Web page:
In this era of partisan bickering, it often seems as if there is little Republicans and Democrats can accomplish. But despite all the gridlock reported in media headlines, the Pennsylvania State Senate recently approved my bill, S.B. 637, by a unanimous vote. Their strong support for the legislation further underscores an emerging bipartisan consensus towards commonsense criminal justice reform that facilitates former inmates’ successful re-entry into our workforce and communities.
This legislation, introduced along with my Democratic colleague, Sen. Judy Schwank, D-Berks, prevents the state’s professional boards and commissions from denying or revoking a job license based solely on an individual’s criminal record, unless the conviction is directly related to the occupation. Even then, state boards must consider rehabilitative factors such as an individual’s participation in education and training activities, employment history and character references.
Senate Bill 637 also provides increased transparency in the licensing process by requiring state boards and commissions to identify upfront which types of criminal convictions are directly related to the duties, functions and responsibilities of the profession. In addition, individuals may petition state boards and commissions for a preliminary determination as to whether or not a criminal record would prohibit them from licensure before they invest the time and money into a job training program. There will be greater confidence in the process when a common set of rules is applied to all cases.
These reforms are sorely needed because many of the state’s occupational practice laws have automatic employment bans along with vague and subjective terms and requirements, such as that an individual must exhibit “good moral character” in order to obtain a license. In practice, this provision has resulted in many qualified applicants being denied the right to work because of an old or irrelevant criminal record.
The 29 state boards and commissions regulate 255 licensure types, including barbers, cosmetologists and massage therapists. Approximately 1 in 5 jobs require a government-issued license and with nearly 3 million state residents having some kind of criminal record, the status quo for how state boards and commissions handle criminal history closes the door to employment for countless Pennsylvanians.
Nowhere is this practice more counterproductive than in the Commonwealth’s own prison system. Given the fact that more than 95 percent of all those incarcerated are eventually released, our correctional facilities offer an array of rehabilitative and job training programs to ensure inmates are equipped with skills to obtain employment for when they reenter the community. One such program offered is barber training. Inmates are able to log the necessary hours and even pass the state exam only to later be denied a barber license from the state board solely due to their criminal history.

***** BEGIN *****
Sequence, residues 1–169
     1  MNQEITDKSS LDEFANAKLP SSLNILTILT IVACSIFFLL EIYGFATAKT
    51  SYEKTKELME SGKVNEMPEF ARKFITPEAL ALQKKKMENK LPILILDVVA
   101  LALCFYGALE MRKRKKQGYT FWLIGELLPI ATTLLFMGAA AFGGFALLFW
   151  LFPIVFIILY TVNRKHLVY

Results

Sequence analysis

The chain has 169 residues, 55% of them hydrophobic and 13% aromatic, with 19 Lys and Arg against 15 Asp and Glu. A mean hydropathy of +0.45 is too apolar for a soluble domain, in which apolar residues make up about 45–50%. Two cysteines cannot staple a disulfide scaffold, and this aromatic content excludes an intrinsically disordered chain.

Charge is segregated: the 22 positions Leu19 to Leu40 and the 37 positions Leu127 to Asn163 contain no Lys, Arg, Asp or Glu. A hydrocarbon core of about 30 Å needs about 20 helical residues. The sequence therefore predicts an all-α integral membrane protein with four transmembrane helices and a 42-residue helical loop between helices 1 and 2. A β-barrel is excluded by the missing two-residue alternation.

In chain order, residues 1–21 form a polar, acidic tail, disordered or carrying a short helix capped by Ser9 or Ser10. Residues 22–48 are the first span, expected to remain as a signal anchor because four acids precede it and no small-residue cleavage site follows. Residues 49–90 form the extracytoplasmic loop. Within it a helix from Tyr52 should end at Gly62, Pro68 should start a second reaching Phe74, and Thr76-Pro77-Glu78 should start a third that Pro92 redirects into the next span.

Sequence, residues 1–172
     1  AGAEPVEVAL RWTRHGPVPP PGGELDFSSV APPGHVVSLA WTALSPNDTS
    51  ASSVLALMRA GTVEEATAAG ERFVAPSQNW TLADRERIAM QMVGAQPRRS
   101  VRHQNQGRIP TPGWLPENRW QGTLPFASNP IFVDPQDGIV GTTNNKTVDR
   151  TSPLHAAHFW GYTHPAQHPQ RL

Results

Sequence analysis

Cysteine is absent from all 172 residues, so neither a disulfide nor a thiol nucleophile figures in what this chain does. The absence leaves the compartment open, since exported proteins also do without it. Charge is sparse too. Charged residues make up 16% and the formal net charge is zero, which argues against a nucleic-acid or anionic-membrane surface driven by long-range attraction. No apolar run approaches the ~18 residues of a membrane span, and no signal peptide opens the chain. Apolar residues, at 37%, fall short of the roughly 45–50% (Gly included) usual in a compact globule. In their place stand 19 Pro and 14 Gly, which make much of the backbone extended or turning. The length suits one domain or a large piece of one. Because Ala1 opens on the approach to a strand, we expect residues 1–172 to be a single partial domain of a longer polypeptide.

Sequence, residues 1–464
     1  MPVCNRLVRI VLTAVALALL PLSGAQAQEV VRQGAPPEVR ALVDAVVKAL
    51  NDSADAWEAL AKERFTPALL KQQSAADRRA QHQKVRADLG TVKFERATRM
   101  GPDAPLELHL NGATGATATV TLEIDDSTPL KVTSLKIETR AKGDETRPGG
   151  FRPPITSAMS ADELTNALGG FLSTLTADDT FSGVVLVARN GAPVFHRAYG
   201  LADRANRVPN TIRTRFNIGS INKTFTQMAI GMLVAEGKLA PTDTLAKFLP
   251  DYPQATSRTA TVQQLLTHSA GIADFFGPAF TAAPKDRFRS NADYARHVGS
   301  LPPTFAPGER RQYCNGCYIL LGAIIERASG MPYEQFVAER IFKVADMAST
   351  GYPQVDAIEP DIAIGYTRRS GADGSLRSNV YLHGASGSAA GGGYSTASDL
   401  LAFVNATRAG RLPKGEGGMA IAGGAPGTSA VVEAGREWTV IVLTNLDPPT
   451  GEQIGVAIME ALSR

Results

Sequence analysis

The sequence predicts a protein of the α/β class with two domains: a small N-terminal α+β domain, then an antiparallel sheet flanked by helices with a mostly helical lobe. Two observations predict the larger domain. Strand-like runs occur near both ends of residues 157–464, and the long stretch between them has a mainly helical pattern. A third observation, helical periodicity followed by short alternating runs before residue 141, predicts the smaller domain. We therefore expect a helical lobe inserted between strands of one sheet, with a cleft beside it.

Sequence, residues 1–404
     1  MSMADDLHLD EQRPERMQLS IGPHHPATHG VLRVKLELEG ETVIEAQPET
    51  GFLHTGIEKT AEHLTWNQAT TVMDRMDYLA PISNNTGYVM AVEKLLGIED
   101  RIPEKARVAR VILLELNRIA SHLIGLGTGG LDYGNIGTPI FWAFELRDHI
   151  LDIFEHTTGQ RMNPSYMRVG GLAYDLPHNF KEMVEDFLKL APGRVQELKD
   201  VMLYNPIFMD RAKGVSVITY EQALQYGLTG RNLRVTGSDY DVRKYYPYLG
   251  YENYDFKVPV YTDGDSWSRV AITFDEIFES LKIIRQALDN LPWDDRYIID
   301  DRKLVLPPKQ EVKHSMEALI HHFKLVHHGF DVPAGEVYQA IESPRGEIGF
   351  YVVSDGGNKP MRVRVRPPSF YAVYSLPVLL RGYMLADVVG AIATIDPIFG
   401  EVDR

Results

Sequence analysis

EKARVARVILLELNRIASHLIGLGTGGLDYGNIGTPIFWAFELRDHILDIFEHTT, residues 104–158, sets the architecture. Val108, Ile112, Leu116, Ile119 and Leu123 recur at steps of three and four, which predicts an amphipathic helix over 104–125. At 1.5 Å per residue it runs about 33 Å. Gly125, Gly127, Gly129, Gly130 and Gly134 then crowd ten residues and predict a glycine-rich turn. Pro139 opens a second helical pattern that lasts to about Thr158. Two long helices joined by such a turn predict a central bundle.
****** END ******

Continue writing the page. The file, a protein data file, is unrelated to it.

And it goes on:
If those reentering our communities have completed their sentence and paid off their debts to society, they should not be deemed forever guilty when seeking an occupational license. Blanket licensing prohibitions on those seeking to rebuild their lives and pursue economic opportunity and financial independence do not serve the public interest. In fact, it is a public safety risk as the inability to obtain a job greatly impacts the recidivism rate.
Studies have found the states with the heaviest occupational licensing burdens experienced higher numbers of reoffenders compared to states with fewer barriers to licensure and an emphasis on individualized assessments that take rehabilitative factors into consideration. By giving those with criminal records a fair chance at an occupational license, we encourage the dignity of work, give individuals the chance to earn family-sustaining wages and strengthen entire communities.
With unemployment rates at record lows, job creators and chamber groups have repeatedly expressed concern about the skilled labor shortage and inability to find qualified applicants to fill job openings at their businesses. The reforms contained in S.B. 637 ensure state government is no longer an unnecessary barrier to those that have taken the steps to rehabilitate themselves, complete the required training and education, and demonstrate the fitness and willingness to work in high-demand occupations across the Commonwealth.
States across the country have enacted similar reforms with great success, removing government obstacles to employment and expanding their skilled workforces. Pennsylvania is overdue for an occupational licensure overhaul and I implore the House of Representatives to act quickly on my legislation.
Senate Bill 637 has earned the support of both the Senate Republican and Democratic Caucuses, the Wolf Administration and a broad coalition of business and community stakeholders that are committed to solidifying our state as a place that allows all its citizens, including those who have made past mistakes, an opportunity to prosper and succeed. The most effective social program and recidivism deterrent is a productive job for anyone who's willing to work.
Senator John DiSanto, R-Dauphin, represents Pennsylvania’s 15th Senatorial District.
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